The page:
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Green-lighting BYOD: 3 First Steps

By Jonathan Ross and Nicholas Indeglio
Communicator
March 2014, Volume 37, Issue 7

The freight train of technological evolution continues to roll forward in education at breakneck speed. If you are a principal thinking about starting a Bring Your Own Device (BYOD) initiative at your school, you’ll likely face roadblocks along the way from teachers, parents, your school’s bandwidth, and more. Challenges to the status quo in education can bring resistance— but, fortunately, there’s good news. School leaders are willing to share their experiences, paving the way to implementation.

Before you begin, ask yourself if this is the time to tackle a new initiative. BYOD is an undertaking that, if not given the attention it needs, can create more problems than would have existed otherwise. Prepare for the initial implementation by discussing the topic with your faculty. Let them share their concerns and fears. This tactic not only gives your staff members the opportunity to work through the idea, but it also gives you, the leader, a chance to hear about potential stumbling blocks. Here are the three most common questions and concerns that we encountered in BYOD implementation.

1. What educational value does this have for instruction?

More students come to school each year with higher levels of digital literacy. They are the “digital natives,” while we are “digital immigrants.” Our district’s superintendent, Lawrence Mussoline, once said, “To ask [students] to power down when they enter our schools is a tremendous disservice when they’re part of a fully connected community outside of school.” BYOD maximizes our potential to enhance and begin transforming instruction.

Plus, in this age of fiscal cliffs and dwindling revenues, it is becoming more difficult to ask taxpayers to pony up the money for new devices. Why wouldn’t we allow students to use the ones they already own and know how to use?

2. Can our Wi-Fi, bandwidth, and overall network handleall these potential devices?

While you might think this is a question for your IT department, make sure you have an answer before considering BYOD implementation. If you anticipate that additional devices will challenge the overall fidelity of your current system, then the system needs to be fully upgraded before BYOD begins. Otherwise, you may lose your staff’s trust, and then the implementation battle is lost.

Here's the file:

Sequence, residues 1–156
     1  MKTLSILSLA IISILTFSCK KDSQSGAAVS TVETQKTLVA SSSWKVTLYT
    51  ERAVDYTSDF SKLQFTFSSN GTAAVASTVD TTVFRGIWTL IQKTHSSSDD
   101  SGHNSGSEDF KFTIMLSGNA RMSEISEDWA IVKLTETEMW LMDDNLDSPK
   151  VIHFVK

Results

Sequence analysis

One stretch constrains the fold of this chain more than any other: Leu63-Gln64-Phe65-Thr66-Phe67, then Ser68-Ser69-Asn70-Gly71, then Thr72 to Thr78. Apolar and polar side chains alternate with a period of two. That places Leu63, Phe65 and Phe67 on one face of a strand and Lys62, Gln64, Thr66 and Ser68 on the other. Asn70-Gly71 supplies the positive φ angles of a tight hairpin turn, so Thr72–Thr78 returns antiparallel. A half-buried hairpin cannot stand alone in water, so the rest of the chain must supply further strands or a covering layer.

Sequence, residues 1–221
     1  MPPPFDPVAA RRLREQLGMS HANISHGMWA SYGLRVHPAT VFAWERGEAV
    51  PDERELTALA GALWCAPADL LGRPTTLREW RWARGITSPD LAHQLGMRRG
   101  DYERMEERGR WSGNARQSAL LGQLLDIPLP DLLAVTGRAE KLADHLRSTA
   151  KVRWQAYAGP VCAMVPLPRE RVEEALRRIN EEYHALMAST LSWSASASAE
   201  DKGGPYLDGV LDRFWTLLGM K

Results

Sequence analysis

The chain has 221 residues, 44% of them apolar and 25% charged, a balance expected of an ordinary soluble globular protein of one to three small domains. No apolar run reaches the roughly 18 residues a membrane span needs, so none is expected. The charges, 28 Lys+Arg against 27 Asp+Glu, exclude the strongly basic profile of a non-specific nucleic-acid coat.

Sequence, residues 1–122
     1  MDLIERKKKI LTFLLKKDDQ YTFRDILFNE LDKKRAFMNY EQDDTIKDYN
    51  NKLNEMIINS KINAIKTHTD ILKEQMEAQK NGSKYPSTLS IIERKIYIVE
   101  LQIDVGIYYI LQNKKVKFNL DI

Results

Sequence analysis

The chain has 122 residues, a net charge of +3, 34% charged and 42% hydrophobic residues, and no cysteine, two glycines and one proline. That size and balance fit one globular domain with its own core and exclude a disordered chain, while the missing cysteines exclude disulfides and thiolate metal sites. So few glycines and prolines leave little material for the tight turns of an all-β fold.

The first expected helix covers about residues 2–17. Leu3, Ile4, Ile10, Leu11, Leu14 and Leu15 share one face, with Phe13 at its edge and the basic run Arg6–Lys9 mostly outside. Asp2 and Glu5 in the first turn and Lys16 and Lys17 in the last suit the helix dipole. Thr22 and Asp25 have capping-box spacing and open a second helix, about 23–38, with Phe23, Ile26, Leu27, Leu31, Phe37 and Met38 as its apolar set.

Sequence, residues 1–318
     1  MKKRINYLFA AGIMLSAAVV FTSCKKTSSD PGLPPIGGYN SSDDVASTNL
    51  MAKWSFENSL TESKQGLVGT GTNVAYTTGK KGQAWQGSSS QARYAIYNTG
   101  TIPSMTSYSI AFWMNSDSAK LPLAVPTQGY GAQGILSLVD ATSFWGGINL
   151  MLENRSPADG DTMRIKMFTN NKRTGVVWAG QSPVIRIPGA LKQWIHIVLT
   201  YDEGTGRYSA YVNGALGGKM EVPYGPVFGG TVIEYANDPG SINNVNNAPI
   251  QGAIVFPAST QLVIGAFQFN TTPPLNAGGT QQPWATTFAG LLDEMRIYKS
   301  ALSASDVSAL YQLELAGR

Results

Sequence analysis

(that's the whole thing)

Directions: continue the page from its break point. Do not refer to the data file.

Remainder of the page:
3. How will we make sure kids are using the devicesappropriately?

Early in implementation, consider how safety will factor into your BYOD plan. New initiatives often require visual cues and recognizable symbols to help reinforce the rules, especially for younger students.

One of our teachers, Lois Grosso, came up with the idea of setting up device “traffic light zones” throughout the school. The zones include:

  • Red Light Zones: Devices are never permitted. This includes bathrooms and locker rooms.
  • Yellow Light Zones: Students must first receive permission from a staff member before using their devices. All classrooms were initially designated as yellow light areas.
  • Green Light Zones: Students may use their devices appropriately at all times. The cafeteria and hallways became green light areas.

Make sure to give students, parents, and staff plenty of lead time to get accustomed to the new BYOD system. We distributed the rules and information about these zones to all stakeholders through both social media and traditional methods (posted on websites, Facebook, and Twitter; parents were reached with robocalls, etc.).

This initial groundwork paved the way for us to move forward with BYOD implementation. Because we considered these questions early in the planning process, our schools are now cruising on an unobstructed highway of BYOD success.

Jonathan Ross is principal of Lionville Middle School in Exton, Pennsylvania.
Nicholas Indeglio is principal at Downingtown Middle School in Downington, Pennsylvania.

Together, Ross and Indeglio are The Rock Star Principals. Find them at rockstarprincipals.com and on Twitter at @rckstrprincipal.

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Copyright © 2014. National Association of Elementary School Principals. No part of the articles in NAESP magazines, newsletters, or website may be reproduced in any medium without the permission of the National Association of Elementary School Principals. For more information, view NAESP's reprint policy

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